Cuba: U.S. Cuban Policy Product of Politics

The Cuban government said Wednesday that President Bush's hard-line statements and the State Department's "arbitrary" decision to keep the Caribbean nation on its terrorism list are aimed at appeasing Cuban-Americans and scaring U.S. citizens.

In its first formal response to Bush's Cuba policy speeches Monday and the release of the terrorism list Tuesday, Cuba said Washington was undertaking "more expenditures, more measures, more technologies to sow poison in our country."

"Just a few months ago, the American people were victim of a brutal crime of this character," read a front-page editorial published in the Communist Party daily Granma, referring to attacks on the World Trade Center and the Pentagon.

In the wake of Sept. 11, the "repeated and arbitrary inclusion of Cuba on the list" is designed to "induce terror and antipathy in American citizens toward our country," the editorial said.

Cuba was among seven countries on the list, along with Iran, Iraq, Sudan, Libya, North Korea and Syria. At least 20 Basque militants and several other terror suspects are given haven in Cuba, said the State Department report.

Cuba says Washington keeps its country on the list to justify continued support for more than four decades of U.S. restrictions on trade and travel to the island nation.

Cuban President Fidel Castro insists he opposes terrorism of all kinds, and officials here made a point of ensuring they signed all 12 United Nations counter-terror conventions after the Sept. 11 attacks.

The decision to keep Cuba on the list was in keeping with Bush's hard-line policies toward the communist country.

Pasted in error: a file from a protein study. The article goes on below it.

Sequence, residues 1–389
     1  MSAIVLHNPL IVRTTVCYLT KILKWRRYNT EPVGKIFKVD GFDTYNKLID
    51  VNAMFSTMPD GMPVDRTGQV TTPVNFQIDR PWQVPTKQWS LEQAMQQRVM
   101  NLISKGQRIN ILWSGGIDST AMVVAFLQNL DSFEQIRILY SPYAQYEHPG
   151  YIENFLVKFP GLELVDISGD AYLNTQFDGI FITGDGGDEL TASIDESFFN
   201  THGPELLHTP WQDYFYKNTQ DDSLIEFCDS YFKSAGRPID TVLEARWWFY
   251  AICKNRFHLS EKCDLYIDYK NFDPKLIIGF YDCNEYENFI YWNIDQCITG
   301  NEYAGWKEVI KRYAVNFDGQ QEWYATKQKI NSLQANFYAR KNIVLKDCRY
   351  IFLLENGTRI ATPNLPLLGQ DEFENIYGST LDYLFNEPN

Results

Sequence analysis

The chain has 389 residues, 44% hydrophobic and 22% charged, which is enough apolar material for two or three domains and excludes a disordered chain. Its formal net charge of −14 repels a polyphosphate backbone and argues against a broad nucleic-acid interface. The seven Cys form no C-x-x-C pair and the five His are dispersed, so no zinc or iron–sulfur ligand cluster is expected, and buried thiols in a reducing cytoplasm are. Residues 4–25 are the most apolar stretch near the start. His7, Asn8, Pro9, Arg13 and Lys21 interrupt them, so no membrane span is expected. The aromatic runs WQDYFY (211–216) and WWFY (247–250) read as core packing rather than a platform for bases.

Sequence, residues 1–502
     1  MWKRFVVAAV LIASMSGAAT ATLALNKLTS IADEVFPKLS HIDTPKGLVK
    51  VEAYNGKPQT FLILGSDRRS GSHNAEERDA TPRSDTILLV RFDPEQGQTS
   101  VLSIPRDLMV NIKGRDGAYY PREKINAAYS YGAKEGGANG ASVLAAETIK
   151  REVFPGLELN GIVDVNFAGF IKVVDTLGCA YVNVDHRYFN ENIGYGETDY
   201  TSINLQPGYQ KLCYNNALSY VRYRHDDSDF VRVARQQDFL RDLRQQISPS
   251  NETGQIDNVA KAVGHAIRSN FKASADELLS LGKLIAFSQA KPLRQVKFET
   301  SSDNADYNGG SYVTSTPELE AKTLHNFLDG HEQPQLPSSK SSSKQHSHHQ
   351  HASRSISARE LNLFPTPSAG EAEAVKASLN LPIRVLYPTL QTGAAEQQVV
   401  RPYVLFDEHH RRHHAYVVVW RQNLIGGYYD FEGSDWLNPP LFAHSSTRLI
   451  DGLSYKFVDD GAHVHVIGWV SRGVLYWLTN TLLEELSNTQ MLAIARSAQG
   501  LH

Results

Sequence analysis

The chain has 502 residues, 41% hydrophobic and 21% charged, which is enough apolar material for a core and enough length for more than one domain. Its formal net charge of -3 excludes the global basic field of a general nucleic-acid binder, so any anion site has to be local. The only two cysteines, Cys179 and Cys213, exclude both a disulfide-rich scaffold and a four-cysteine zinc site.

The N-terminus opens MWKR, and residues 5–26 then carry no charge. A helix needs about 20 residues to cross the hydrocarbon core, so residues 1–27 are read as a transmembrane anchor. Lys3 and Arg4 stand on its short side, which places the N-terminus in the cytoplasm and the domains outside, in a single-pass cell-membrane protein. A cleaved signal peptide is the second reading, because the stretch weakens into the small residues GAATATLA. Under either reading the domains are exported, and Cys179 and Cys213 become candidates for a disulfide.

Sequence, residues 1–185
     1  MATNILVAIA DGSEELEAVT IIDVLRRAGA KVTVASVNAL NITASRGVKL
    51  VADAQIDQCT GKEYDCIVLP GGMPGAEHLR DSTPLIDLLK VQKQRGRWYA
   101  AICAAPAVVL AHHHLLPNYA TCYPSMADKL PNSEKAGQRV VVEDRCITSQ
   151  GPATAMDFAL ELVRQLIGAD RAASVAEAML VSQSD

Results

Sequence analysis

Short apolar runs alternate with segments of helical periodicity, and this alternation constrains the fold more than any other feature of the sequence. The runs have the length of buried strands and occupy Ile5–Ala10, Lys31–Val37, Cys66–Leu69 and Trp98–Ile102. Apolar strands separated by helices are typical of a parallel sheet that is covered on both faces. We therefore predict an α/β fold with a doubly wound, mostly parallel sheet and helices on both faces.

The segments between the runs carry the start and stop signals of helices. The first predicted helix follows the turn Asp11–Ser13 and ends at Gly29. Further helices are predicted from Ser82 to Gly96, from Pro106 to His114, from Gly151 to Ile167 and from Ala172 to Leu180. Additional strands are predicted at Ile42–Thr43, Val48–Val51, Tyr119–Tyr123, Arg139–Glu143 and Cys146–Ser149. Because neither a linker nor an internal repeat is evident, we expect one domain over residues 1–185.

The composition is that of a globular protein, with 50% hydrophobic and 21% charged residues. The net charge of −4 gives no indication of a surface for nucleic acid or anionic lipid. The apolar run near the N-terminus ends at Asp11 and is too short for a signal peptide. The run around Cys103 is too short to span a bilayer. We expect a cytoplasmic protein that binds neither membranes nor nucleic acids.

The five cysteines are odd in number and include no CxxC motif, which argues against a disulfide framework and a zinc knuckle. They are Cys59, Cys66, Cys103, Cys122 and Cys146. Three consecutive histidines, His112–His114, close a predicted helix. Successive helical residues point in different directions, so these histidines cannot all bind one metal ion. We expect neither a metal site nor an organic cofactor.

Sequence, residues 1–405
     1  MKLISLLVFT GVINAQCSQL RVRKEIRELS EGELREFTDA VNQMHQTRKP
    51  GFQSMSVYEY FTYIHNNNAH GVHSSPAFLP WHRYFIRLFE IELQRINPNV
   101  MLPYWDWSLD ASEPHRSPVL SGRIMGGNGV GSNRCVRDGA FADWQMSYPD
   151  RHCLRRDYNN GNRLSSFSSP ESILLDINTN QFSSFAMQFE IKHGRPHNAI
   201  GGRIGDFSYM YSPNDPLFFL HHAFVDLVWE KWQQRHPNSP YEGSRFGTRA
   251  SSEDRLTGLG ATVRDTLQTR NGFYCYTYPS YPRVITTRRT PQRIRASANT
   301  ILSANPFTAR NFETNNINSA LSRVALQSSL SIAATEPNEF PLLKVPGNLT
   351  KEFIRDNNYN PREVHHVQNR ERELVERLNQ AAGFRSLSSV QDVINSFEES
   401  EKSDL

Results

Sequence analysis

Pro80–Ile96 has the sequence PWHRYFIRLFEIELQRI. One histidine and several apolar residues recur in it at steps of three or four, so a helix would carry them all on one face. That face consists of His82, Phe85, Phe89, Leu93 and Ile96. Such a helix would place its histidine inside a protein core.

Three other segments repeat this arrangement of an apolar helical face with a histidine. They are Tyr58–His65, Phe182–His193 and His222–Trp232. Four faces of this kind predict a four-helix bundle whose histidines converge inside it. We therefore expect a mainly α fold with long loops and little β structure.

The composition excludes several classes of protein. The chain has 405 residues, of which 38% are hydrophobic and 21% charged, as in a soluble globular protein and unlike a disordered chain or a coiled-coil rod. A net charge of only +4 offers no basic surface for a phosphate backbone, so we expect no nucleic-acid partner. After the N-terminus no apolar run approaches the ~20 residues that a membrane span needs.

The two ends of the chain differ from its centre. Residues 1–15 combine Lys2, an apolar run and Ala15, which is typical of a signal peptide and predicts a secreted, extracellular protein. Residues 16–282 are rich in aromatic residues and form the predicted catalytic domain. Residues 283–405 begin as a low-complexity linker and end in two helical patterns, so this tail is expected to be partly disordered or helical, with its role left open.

Bush said in Washington and Miami on Monday that he won't heed calls to lift trade sanctions against Cuba unless Castro releases political prisoners, conducts independently monitored elections and accepts a list of tough U.S. conditions for a "new government that is fully democratic."

Bush's declarations came just a few days after former President Jimmy Carter wrapped up a five-day visit here calling for an end to American trade and other sanctions.

The Communist Party editorial said that Bush's speeches on Cuba this week "provoke repugnance and disgust in our heroic people, more united and willing than ever to fight."

"The arguments, deceits, tricks, demagoguery, lies and libels of Mr. Bush will be crushed one by one," the editorial said. "It doesn't matter how many days this tough battle of our long struggle lasts. We are wrapped up in a great battle of ideas, in a struggle without precedent between the truth and lies, ignorance and political and historical knowledge.

"There does not exist nor could there exist a force in the world that could make us stop, abandon or betray our noble cause! And with nothing forcing us from our path, we will continue to be steadfast friends and allies of the people of the United States and any other people in the world in their fight against terrorism."